Road Safety News

BBC publishes data highlighting extent of ‘driver distraction’ issue

Friday 4th November 2016

In the last four years, almost 10,000 drivers were caught twice for being distracted while driving, new figures obtained by the BBC have shown.

The data, obtained via a FOI request to the DVLA by BBC Radio 5 Live, covers the period 2012-15 and also shows that more than 600 people were caught three times and one driver five times.

A total of 42,950 motorists received a ‘CU80’ endorsement in 2015, a year-on-year reduction of 37%. CU80 endorsements cover a range of offences relating to control of a vehicle, including being distracted by a mobile phone.

The DVLA figures also reveal that although 238,694 people were caught driving while distracted at least once in the four year period, just 284 received a ban as a result.

The figures were published by the BBC just days after the sentencing of a lorry driver who killed a mum and three children when he crashed as a result of looking at his mobile phone. In the wake of the trial, the RAC and Brake both called for more to be done to deter drivers from using a mobile while driving.

The RAC described the latest DVLA figures as ‘shocking’.

Pete Williams, RAC road safety spokesman, said: “These shocking figures reveal the scale of the task in hand to reverse the relaxed attitudes of persistent offenders and to change driver behaviours.

“It will be interesting to see what impact the new increased penalties will have but with a significantly reduced presence of dedicated roads policing officers some will doubt they will bring about the behavioural change we need

“We need a concerted effort by the Government, the police and the courts using a combination of tougher penalties, targeted enforcement and a hard-hitting education campaign to tackle what has become a desperate problem for society."




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One only has to stand and wait at any traffic lights or roundabout or any place that vehicles have to slow, stop and queue to realise just how many drivers are using not only mobiles but other devices.

It's easy enough to check if a call was incoming or outgoing by the retained memory on such a device. I have seen many a driver stopped in traffic and also appearing to be parked up at the side of the road with the engine running and on their devices. Is it an offence to be using one whilst in control of a vehicle if so even just parked up on a road and with the engine running can one still commit the offence.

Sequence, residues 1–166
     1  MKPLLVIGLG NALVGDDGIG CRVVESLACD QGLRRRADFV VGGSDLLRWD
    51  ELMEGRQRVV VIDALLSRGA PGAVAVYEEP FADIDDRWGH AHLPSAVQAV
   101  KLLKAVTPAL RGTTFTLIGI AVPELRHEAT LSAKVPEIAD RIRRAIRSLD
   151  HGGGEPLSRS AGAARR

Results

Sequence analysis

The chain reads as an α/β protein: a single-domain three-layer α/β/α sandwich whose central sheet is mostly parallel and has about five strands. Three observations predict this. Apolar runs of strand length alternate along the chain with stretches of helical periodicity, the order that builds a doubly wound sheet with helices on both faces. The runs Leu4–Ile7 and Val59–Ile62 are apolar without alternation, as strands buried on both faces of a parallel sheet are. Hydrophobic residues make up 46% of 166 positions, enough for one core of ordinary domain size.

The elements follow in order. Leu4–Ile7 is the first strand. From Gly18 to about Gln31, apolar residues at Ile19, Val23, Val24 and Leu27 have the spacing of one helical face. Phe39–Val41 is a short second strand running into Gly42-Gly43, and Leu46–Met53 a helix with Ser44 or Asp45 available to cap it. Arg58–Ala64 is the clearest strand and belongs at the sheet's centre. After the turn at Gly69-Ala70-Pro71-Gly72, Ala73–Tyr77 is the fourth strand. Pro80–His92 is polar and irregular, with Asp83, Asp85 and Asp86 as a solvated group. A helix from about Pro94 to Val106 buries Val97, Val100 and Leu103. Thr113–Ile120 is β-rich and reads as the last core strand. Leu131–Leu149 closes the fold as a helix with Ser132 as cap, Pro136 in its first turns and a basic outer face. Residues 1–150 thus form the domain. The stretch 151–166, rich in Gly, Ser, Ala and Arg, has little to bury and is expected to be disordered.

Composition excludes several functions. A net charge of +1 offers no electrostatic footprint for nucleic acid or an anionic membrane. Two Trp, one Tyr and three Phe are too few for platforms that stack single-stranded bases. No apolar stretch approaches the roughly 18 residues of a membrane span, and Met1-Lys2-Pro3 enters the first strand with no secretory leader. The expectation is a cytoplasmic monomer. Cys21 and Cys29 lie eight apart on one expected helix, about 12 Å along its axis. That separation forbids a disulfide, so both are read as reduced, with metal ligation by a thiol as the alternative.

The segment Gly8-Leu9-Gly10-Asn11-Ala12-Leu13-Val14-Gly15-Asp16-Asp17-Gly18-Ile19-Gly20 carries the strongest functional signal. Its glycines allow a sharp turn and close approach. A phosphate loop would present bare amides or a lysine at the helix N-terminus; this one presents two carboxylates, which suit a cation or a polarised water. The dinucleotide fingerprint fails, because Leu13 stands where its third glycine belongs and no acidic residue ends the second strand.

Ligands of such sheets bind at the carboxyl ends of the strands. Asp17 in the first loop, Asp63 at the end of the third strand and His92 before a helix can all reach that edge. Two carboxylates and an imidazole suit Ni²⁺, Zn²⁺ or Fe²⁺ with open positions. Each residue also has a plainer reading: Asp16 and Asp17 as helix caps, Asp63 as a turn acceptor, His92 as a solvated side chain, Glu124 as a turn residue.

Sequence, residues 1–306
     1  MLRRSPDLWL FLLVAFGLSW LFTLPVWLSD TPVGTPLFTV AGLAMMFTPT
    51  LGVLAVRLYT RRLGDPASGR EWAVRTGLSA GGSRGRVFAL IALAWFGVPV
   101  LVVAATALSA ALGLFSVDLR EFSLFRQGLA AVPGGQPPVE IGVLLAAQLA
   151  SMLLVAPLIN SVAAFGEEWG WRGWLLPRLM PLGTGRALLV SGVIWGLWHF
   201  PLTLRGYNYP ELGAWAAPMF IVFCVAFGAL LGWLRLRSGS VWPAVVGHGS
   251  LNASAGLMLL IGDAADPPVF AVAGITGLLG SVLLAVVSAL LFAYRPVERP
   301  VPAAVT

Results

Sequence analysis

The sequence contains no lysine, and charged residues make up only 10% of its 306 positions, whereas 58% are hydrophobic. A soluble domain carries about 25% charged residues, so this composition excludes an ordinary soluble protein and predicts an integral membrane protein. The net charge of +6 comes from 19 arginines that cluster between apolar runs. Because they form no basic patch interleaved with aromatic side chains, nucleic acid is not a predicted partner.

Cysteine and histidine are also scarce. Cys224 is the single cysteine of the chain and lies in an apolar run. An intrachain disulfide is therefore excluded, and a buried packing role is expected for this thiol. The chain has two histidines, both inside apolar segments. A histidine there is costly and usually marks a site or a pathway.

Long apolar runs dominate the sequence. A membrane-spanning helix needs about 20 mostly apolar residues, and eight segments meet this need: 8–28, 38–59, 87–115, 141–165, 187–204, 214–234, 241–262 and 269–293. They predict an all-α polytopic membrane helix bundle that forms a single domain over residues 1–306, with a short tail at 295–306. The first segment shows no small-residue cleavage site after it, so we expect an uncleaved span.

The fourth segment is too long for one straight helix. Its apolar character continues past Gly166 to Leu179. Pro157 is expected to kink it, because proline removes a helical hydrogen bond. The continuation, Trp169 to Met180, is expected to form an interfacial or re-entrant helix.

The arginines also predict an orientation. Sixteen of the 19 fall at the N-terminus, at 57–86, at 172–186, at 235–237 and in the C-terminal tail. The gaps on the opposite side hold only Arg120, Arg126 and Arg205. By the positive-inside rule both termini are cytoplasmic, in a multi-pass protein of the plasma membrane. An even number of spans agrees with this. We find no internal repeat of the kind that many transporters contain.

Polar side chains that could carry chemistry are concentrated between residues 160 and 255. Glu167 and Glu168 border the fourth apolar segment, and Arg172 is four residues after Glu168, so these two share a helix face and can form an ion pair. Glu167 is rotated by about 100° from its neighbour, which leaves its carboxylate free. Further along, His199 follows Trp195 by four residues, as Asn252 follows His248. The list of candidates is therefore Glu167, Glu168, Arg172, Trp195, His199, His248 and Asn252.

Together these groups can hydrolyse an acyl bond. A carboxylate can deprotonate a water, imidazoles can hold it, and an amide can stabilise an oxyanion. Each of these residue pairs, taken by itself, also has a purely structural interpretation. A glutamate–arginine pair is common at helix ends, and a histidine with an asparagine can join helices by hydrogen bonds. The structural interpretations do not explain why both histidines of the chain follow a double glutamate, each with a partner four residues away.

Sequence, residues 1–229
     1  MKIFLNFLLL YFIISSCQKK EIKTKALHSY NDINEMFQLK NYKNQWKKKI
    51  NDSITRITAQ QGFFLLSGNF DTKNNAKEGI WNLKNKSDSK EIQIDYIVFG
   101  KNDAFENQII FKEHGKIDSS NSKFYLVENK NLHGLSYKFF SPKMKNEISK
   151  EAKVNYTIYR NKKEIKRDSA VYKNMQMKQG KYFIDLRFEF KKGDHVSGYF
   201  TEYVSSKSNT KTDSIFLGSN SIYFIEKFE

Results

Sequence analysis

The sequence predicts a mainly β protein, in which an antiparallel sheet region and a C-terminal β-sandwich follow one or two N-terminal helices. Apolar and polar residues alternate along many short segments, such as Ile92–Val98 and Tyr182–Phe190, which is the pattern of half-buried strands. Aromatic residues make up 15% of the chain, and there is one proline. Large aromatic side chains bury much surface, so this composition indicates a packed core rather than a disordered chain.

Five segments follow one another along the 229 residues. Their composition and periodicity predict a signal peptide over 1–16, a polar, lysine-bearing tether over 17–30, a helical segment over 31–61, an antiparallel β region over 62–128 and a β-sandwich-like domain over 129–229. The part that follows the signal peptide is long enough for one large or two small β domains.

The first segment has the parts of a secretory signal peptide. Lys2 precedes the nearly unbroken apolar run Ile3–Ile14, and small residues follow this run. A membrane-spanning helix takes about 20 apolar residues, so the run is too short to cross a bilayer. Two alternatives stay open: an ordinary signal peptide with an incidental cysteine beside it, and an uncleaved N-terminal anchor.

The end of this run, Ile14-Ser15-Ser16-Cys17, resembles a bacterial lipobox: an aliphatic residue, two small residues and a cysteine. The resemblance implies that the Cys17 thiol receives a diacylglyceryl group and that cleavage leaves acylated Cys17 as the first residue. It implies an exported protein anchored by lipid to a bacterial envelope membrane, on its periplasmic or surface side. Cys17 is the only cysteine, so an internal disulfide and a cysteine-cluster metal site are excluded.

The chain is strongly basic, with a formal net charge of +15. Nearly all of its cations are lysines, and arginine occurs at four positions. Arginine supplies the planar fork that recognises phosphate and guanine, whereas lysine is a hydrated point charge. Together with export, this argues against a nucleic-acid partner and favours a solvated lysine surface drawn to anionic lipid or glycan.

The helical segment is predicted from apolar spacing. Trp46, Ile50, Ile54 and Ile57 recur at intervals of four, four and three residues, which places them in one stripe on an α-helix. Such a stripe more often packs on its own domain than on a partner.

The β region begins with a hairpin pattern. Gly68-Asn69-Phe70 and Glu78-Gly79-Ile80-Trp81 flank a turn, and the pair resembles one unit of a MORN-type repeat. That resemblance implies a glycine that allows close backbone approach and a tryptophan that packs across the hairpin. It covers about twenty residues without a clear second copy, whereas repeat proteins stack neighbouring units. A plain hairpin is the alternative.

Bob Craven Lancs

Agree (1) | Disagree (0)

Further to my comment on this subject (but in another news item) about these offences being hard to spot by police officers unless very close-up, Dave's paranoia has reminded me that the zoom lens on the in-van cameras (up to 1000m) are very good at being able to detect 'phone use from a long distance, giving time for the vehicle to be stopped or if not possible, at least for gathering evidence. Every cloud...
Hugh Jones, Cheshire

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Gosh, now to justify my remarks, apologies in advance for digressing heavily from the topic in hand but I guess I brought this upon myself.

The first reason, bound to cause some level of disagreement on this site, is that I believe that the contemporary concept of speed limits are - I would reckon on a large majority of UK roads - not fit for use. A high quality rural road has so many quickly changing variables, which makes it insane, in my eyes, for a fixed limit to be in place for a lengthy distance. One can face enforcement action for safely (and justly) exceeding a proscribed limit, yet one rarely faces enforcement action for unsafely/unnecessarily impeding the flow of traffic.

The second reason is that I'm a kind of paranoid person, and I don't particularly like people looking into my personal life (or car) with a camera with quite a zoom function on it!

(hope that explains my initial reaction!)

Of course, there has to be compromises, of which I'm happy to not use a hand-held phone whilst driving, and I'm also happy to wear a seatbelt whilst a car is moving - I'll tolerate being recorded for the purposes of checking attentiveness, I guess - at the end of the day, I want to remain alive.

And to re-iterate my warning about S59 - it's completely subjective.
David Weston, Corby

Agree (3) | Disagree (1)